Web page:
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Nat Methods. 2014 Feb;11(2):149-55. doi: 10.1038/nmeth.2763. Epub 2013 Dec 8.

Demonstrating the feasibility of large-scale development of standardized assays to quantify human proteins.

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Fred Hutchinson Cancer Research Center, Seattle, Washington, USA.
Broad Institute of MIT and Harvard, Cambridge, Massachusetts, USA.
Department of Biomedical Engineering, Seoul National University College of Medicine, Seoul, Republic of Korea.
Center for Theragnosis, Korea Institute of Science and Technology, Seoul, Republic of Korea.
Office of Cancer Clinical Proteomics Research, National Cancer Institute, US National Institutes of Health, Bethesda, Maryland, USA.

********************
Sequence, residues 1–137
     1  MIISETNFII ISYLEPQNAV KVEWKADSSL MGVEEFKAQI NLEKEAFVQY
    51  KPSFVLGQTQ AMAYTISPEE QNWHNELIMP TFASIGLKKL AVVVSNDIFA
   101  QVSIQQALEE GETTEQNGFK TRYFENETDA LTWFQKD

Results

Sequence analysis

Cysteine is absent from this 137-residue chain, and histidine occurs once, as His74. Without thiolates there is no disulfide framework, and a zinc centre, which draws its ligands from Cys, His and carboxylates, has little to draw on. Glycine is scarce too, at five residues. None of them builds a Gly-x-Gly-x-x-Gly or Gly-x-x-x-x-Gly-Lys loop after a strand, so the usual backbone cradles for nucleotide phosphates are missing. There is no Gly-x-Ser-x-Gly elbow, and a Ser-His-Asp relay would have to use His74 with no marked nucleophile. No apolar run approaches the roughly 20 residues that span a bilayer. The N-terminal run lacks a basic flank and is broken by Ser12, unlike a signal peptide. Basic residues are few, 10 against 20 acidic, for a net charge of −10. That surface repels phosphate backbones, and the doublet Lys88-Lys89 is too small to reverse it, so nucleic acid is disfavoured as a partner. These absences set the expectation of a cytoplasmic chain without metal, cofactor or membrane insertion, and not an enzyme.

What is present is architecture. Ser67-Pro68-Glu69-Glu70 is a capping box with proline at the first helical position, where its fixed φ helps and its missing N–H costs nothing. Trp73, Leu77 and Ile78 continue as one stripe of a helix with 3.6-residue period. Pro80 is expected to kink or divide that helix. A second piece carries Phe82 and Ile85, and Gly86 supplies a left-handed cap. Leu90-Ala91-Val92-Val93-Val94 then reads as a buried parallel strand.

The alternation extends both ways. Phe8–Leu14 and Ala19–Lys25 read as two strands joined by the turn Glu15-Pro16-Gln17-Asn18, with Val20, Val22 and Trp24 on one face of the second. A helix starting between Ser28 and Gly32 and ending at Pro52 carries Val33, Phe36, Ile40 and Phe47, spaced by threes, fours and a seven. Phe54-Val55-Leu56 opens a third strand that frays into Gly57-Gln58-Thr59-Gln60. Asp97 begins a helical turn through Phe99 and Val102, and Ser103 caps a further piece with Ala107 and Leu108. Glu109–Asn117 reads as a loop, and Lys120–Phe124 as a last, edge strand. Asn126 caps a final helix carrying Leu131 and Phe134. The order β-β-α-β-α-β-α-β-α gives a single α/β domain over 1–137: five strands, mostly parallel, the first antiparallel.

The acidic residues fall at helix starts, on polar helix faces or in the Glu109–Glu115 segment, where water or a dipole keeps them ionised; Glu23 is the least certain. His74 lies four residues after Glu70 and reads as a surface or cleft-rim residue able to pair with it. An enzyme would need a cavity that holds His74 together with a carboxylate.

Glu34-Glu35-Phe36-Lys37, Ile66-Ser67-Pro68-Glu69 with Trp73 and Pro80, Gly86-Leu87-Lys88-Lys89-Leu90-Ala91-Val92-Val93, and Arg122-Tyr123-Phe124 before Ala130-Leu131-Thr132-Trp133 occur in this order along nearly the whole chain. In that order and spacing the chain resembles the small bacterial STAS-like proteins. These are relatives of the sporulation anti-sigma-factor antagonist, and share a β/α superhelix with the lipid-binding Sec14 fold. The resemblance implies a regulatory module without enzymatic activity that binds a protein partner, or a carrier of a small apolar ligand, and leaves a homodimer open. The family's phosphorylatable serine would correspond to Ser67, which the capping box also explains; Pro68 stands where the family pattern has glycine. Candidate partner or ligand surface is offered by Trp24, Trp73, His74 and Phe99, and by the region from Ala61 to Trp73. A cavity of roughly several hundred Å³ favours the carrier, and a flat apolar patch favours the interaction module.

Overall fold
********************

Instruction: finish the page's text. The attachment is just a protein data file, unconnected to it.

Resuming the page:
Multiple reaction monitoring (MRM) mass spectrometry has been successfully applied to monitor targeted proteins in biological specimens, raising the possibility that assays could be configured to measure all human proteins. We report the results of a pilot study designed to test the feasibility of a large-scale, international effort for MRM assay generation. We have configured, validated across three laboratories and made publicly available as a resource to the community 645 novel MRM assays representing 319 proteins expressed in human breast cancer. Assays were multiplexed in groups of >150 peptides and deployed to quantify endogenous analytes in a panel of breast cancer-related cell lines. The median assay precision was 5.4%, with high interlaboratory correlation (R(2) > 0.96). Peptide measurements in breast cancer cell lines were able to discriminate among molecular subtypes and identify genome-driven changes in the cancer proteome. These results establish the feasibility of a large-scale effort to develop an MRM assay resource.

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